On the effects induced by Carbon monoxide on Platinum nanocatalysts

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Nanostructured catalysts expose a high surface area available for chemical reactions, thus yielding high activity with a low fraction of metal loading. This is much convenient in terms of both volume and cost, the latter being determined by the fact that the most efficient catalysts are often based on precious metals. Furthermore, in the world of nanostructures, materials show novel and unexpected properties, considerably different with respect to the conventional behavior at large scales: pros and cons that still need to be deeply understood.

By combining advanced experimental techniques with accurate calculations within the framework of quantum mechanics, the effects induced by carbon monoxide on platinum nanoclusters have been investigated. Carbon monoxide is indeed a key ingredient in many relevant synthesis and chemical conversion reactions in modern catalytic systems. The model nanocatalysts (from few up to tens of atoms in a particle) were obtained by exploiting self-assembling processes on a single graphene sheet. The latter, when grown on an iridium single crystal termination, yields a Moiré superstructure that acts as a template for an ordered clusters growth, a process that can be controlled in a precise way. The study put in evidence that the presence of a gas phase induces relevant structural changes in the particles due to the carbon monoxide coordination to the many non-equivalent and active adsorption sites available at the surface of the metallic clusters. Small particles undergo a complex restructuring process, thus becoming mobile at the graphene surface and yielding coalescence phenomena that contribute to the degradation of the overall catalytic performance. More, also the graphene network gets involved, so that even the underlying supporting metal surface takes part in the diffusion mechanisms. Therefore, we can surely say that “small” is … surprising!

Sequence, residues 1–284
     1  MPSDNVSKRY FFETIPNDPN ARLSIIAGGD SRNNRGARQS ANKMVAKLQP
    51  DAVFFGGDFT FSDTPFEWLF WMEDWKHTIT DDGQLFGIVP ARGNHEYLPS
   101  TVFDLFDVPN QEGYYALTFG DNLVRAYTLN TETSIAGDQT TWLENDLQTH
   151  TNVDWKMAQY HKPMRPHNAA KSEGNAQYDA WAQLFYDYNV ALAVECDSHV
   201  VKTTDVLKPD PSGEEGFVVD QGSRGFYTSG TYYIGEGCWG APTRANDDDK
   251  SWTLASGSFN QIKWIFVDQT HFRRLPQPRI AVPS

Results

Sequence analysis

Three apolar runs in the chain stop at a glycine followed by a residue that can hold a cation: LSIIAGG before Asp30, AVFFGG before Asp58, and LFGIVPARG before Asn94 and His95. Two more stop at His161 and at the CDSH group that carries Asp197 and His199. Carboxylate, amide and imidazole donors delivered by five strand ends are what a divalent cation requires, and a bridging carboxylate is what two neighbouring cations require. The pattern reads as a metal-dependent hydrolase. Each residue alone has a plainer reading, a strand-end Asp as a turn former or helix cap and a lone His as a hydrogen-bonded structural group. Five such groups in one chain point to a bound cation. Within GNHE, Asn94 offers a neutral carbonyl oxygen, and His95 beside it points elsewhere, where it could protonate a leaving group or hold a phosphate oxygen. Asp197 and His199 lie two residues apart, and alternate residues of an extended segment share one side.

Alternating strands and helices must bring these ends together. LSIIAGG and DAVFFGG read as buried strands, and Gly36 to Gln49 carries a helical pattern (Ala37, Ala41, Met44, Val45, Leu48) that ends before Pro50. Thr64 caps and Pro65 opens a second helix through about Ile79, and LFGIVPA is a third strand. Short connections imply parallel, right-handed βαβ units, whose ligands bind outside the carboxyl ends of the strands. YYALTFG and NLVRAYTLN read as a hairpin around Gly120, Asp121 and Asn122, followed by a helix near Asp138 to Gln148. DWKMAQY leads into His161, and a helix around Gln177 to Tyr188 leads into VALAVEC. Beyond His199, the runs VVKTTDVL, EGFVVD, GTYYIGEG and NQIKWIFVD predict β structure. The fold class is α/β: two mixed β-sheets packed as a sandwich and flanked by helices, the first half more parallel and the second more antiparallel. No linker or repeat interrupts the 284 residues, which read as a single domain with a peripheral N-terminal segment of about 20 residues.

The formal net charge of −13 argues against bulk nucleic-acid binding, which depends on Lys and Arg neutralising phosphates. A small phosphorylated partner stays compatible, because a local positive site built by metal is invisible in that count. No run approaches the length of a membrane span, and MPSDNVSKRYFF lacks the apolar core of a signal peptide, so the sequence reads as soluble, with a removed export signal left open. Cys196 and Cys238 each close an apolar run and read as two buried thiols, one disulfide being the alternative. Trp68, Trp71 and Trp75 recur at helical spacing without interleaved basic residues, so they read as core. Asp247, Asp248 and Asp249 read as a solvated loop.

The work was performed within the framework of a collaboration between the experimental group led by Dr. Erik Vesselli and the theoretical group of Prof. Maria Peressi, both from the Physics Department, with the contribution of Prof. Giovanni Comelli, Nicola Podda and Dr. Carlo Dri, and from PhD students Zhijing Feng, Manuel Corva (Nanotechnology) and Fatema Mohamed (Physics). International collaborators also contributed to the work. The results have been recently published in the high impact factor journal ACS Nano.

Supports from CERIC Consortium, MAECI (Progetto di Grande Rilevanza con l’Argentina), ICTP, and UniTs through FRA 2015 and the agreement with CINECA for high performance computing are greatly acknowledged.


Experimental and Theoretical Investigation of the Restructuring Process Induced by CO at Near Ambient Pressure: Pt Nanoclusters on Graphene/Ir(111)

Nicola Podda, Manuel Corva, Fatema Mohamed, Zhijing Feng, Carlo Dri , Filip Dvorák, Vladimir Matolin, Giovanni Comelli, Maria Peressi, and Erik Vesselli

ACS Nano, 2017, 11 (1), pp 1041–1053



Last update: 02-23-2017 - 11:58